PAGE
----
Fifteen members of the Massachusetts orthopedic footwear industry have agreed to pay $526,000 to the Massachusetts Medicaid program to settle allegations that they were overpaid as a result of incorrect billing and documentation deficiencies that violated Medicaid regulations, Attorney General Tom Reilly announced.
The settlement follows an April 2000 report by the state Inspector General (IG) on the Commonwealth’s top 15 orthopedic footwear providers that concluded there was widespread waste and abuse between 1995 and 1999 in the Medicaid Orthopedic Footwear Program. As a result, AG Reilly’s Medicaid Fraud Control Unit (MFCU) commenced an industry-wide investigation and Medicaid revised its orthopedic regulations.
“It is imperative that the citizens of the Commonwealth get the full benefit of every dollar spent on healthcare services,” Reilly said. “As a result of this investigation, Medicaid, working together with my Office, has revised its orthotics regulations in an effort to prevent future abuses.”
In the April 2000 report entitled: “Department of Medical Assistance: Orthopedic Footwear Benefits, Policies and Procedures,” the IG found that between July 1, 1995 and Jan. 18, 1999, approximately 65 percent of all Medicaid orthopedic shoe transactions had resulted in overpayments.
The overpayments occurred as a result of providers reportedly billing twice for services provided only once, billing excessive amounts, improperly increasing reimbursements by utilizing erroneous service codes, and improperly billing for separate components of off-the-shelf and custom orthopedic shoes and inserts. The report also cited pervasive record-keeping deficiencies among the orthopedic footwear providers.
In response to the IG’s investigation and report, Reilly’s MFCU opened an investigation of the orthopedic footwear industry’s billing, coding and record-keeping practices. Using the Massachusetts False Claims Act, originally proposed by Reilly and passed by the Legislature in 2000, MFCU investigators issued written demands for information from the orthopedic footwear providers and interviewed numerous witnesses and business owners. All of the providers cooperated with the AG’s investigation.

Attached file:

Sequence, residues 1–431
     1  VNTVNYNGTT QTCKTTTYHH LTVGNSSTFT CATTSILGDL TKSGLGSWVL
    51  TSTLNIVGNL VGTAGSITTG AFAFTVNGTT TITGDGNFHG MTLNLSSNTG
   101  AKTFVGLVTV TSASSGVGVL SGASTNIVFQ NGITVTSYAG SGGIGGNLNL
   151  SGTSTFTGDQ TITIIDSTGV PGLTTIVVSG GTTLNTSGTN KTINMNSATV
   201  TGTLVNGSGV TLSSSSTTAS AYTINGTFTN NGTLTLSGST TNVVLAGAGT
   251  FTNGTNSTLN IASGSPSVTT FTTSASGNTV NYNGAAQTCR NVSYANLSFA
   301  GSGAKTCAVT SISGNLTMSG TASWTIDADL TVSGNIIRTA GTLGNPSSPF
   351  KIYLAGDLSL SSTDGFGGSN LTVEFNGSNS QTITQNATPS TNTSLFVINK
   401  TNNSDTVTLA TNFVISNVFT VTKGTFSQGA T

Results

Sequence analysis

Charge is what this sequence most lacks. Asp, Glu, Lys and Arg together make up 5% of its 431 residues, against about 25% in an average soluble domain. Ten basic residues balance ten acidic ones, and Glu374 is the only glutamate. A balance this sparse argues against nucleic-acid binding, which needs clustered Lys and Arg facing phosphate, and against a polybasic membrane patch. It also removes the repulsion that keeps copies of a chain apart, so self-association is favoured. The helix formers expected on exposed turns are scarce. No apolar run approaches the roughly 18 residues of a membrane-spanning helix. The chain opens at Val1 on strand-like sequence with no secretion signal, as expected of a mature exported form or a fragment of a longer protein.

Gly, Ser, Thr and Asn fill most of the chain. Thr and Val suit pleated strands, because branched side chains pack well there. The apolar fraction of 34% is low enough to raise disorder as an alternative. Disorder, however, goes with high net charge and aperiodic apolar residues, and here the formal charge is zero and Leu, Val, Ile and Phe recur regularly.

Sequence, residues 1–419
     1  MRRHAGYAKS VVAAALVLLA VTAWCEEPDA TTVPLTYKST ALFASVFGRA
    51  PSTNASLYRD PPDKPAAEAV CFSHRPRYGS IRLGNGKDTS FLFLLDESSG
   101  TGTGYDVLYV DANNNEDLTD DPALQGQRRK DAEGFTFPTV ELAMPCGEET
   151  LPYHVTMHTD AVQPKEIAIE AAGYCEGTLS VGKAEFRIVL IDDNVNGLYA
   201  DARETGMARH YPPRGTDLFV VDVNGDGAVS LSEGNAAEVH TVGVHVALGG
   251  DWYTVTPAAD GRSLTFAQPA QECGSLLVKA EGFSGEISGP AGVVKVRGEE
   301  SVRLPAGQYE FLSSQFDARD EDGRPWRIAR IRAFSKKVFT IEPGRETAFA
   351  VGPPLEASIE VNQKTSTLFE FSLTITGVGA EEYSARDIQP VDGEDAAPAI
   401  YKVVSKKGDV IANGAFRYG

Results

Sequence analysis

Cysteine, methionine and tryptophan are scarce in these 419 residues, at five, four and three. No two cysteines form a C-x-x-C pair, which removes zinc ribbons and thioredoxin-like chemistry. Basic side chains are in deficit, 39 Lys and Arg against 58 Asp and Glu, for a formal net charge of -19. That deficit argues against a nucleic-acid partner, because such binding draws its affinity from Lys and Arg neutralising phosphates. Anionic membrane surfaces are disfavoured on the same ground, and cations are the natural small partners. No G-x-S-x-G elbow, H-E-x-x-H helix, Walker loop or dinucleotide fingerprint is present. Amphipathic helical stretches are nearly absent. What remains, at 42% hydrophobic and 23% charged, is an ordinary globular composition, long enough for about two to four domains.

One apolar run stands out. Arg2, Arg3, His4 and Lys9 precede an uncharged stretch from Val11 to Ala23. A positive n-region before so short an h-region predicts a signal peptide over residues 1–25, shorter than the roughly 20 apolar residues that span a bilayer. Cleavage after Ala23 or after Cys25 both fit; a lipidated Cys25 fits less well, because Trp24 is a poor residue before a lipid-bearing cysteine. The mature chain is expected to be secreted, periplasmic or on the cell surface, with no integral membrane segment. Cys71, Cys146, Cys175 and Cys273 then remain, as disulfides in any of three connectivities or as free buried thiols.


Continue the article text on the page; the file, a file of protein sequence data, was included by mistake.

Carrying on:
The investigation found that the majority of orthopedic footwear providers had submitted incorrect claims for orthopedic shoes and inserts which had resulted in payments in excess of the maximum amount properly payable for such products. These incorrect billing practices often took the form of billing Medicaid for two pairs of orthopedic shoes, but providing only one pair of shoes to the patient, or billing custom-molded shoes using an incorrect and higher paying code.
In addition, Reilly alleges that many of the orthopedic shoe providers that were investigated failed to comply with the Medicaid record-keeping requirements by failing to maintain manufacturer invoices or other proof of the identity and cost of the products at issue, failing to have their patients sign and date required Delivery Receipts, and failing to pass along written manufacturer or retailer warranties for the orthopedic shoes and inserts.
The alleged violations of Medicaid rules and regulations resulted in overpayments to numerous orthopedic shoe providers between January 1996 and December 2002. The orthopedic footwear providers included in the settlement are: Advanced Orthopedic Services Inc.; Atlantic Prosthetics & Orthotics Company Inc.; Bill Chancey’s Pedorthics; Boston Brace InternationaI Inc.; Cornell Orthotics & Prosthetics Inc.; Hanger Prosthetics & Orthotics East Inc.; Joel P. Dwyer C.P.O. Prosthetics & Orthotics; Ocean Orthopedic Services Inc.; Orthotic Consultants Inc.; Orthotics & Prosthetics Laboratories Inc.; Orthotics West Inc.; Pioneer Valley Orthotics & Prosthetics Inc.; Prosthetic & Orthotic Labs of Worcester Inc.; Therapeutic Shoe Corporation; and The William A. Allen Co. Inc.
In addition to paying the total settlement amount of $526,000 to the Commonwealth, all of the orthopedic shoe providers who continue to participate in the Medicaid program have agreed to institute comprehensive compliance programs to ensure full compliance with all Medicaid regulations in the future.
As a result of the April 2000 IG investigation and report, and as a result of Reilly’s recommendations, Medicaid revised its orthotics regulations to add several definitions, include more specific coverage and service limitations, and require additional documentation and individual consideration for reimbursement of all orthopedic shoes, except for children under 21 and members with severe diabetic foot disease.
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